Houghton Mifflin Harcourt Completes Sale to Veritas Capital

Mergers & Acquisitions

K–12 curriculum publisher Houghton Mifflin Harcourt today announced that the sale of the company to Veritas Capital has been completed after approximately 57% of HMH shares were tendered at $21 per share, putting the transaction value at $2.8 billion.

HMH provides core curriculum, supplemental and intervention solutions, and professional learning services to more than 50 million students and 4 million educators in 150 countries. The sale to tech-focused private equity firm Veritas is expected to boost HMH’s digital transformation and accelerate its long-term growth plans, HMH executives said in a news release.

HMH’s stock on NASDAQ will cease trading effective today, the company said; HMH moves forward as a wholly owned subsidiary of Veritas.

The decision to sell to Veritas — initially announced on Feb. 23 — followed a strategic review by HMH's Board of Directors that included discussions with several potential bidders, according to the announcement.

“Partnering with Veritas will provide HMH with the opportunity to accelerate our momentum and increase our impact. … The time is right to move into the next phase of our long-term growth strategy alongside a partner that brings significant industry expertise,” said HMH President and CEO Jack Lynch, who will continue to lead the company along with the current management team, the company said. “As the promise of digital learning increasingly takes hold across the nation, we are confident this transaction will deepen our ability to bring the power of learning to even more teachers and their students, invest in our purpose-driven team, and have a positive impact on the communities we serve.”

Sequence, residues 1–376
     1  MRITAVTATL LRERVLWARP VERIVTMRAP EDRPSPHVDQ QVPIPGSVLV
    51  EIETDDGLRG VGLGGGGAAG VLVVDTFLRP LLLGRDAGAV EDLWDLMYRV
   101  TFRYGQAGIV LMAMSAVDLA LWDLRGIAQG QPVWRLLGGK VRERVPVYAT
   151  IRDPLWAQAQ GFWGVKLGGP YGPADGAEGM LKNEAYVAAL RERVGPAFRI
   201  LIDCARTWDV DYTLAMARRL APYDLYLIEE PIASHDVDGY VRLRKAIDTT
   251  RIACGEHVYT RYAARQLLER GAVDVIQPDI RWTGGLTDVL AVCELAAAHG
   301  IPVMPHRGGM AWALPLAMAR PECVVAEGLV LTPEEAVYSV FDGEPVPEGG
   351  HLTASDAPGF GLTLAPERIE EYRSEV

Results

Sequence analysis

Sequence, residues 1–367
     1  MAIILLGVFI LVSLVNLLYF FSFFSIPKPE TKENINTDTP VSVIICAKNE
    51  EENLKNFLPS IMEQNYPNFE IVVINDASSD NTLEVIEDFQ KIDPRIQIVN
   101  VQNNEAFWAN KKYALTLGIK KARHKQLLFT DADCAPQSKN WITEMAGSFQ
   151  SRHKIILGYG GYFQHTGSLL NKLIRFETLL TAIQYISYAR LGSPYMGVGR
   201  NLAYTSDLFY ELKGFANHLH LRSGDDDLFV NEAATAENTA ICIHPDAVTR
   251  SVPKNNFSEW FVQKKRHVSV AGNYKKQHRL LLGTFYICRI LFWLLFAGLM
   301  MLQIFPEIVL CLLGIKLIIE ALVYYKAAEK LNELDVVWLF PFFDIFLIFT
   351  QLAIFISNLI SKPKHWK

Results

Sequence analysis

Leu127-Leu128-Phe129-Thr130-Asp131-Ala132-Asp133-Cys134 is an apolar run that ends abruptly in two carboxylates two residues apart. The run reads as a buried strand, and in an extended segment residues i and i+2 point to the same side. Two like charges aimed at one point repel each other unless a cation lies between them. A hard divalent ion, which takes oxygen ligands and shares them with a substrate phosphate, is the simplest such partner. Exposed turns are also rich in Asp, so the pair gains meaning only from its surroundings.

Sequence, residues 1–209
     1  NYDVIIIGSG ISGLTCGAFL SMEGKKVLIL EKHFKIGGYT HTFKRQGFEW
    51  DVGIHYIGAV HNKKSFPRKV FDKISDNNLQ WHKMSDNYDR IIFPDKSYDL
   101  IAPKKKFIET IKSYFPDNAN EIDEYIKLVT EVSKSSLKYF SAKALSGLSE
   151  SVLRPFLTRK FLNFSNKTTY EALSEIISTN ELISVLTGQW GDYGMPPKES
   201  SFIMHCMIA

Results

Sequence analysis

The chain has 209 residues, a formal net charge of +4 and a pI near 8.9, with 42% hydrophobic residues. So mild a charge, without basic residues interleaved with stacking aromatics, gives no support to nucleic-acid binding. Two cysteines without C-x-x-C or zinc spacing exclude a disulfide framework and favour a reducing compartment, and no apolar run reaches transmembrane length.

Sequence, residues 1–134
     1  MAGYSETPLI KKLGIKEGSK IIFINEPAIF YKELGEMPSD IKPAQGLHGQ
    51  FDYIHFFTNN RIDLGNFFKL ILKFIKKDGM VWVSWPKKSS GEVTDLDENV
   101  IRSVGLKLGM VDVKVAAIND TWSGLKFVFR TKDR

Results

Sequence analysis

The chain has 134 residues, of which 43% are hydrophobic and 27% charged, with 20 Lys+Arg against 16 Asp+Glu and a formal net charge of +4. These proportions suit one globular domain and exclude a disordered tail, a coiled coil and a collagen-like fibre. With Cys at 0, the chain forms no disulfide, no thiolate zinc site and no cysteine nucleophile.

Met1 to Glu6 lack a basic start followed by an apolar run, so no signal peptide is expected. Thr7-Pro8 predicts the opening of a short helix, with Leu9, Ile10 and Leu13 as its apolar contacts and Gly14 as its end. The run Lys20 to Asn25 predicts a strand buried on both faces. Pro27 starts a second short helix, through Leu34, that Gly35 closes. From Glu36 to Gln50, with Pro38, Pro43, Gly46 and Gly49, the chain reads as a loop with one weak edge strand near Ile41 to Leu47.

Based in Boston, HMH is one of the three largest providers of K–12 education and professional development content, according to Moody’s Investors Service.

The day after the agreement to sell was announced, shareholder Breach Inlet Capital objected to the terms of the deal in a letter to the HMH board that also was posted online. The letter, signed by Breach Inlet Capital Founder and Portfolio Manager Chris Colvin, pins its objections on comparable valuations of HMH competitors as well as recent earnings and outlook statements by HMH executives, concluding with: “We think selling HMH for $21/share is an egregious decision and we will NOT be tendering our shares into the offer.”

An HMH spokeswoman declined to comment at the time except to note that Breach Inlet Capital’s percentage of shares apparently was not large enough to meet the 5% reporting threshold, since no such filing with the Securities and Exchange Commission had been made.

The tendering of 57% of outstanding shares was enough to meet the threshold of the sale terms, HMH said. The sale comes about a year after HMH sold its consumer book publishing division to HarperCollins Publishers parent News Corp. for $349 million.

About the Author

Kristal Kuykendall is editor, 1105 Media Education Group. She can be reached at [email protected].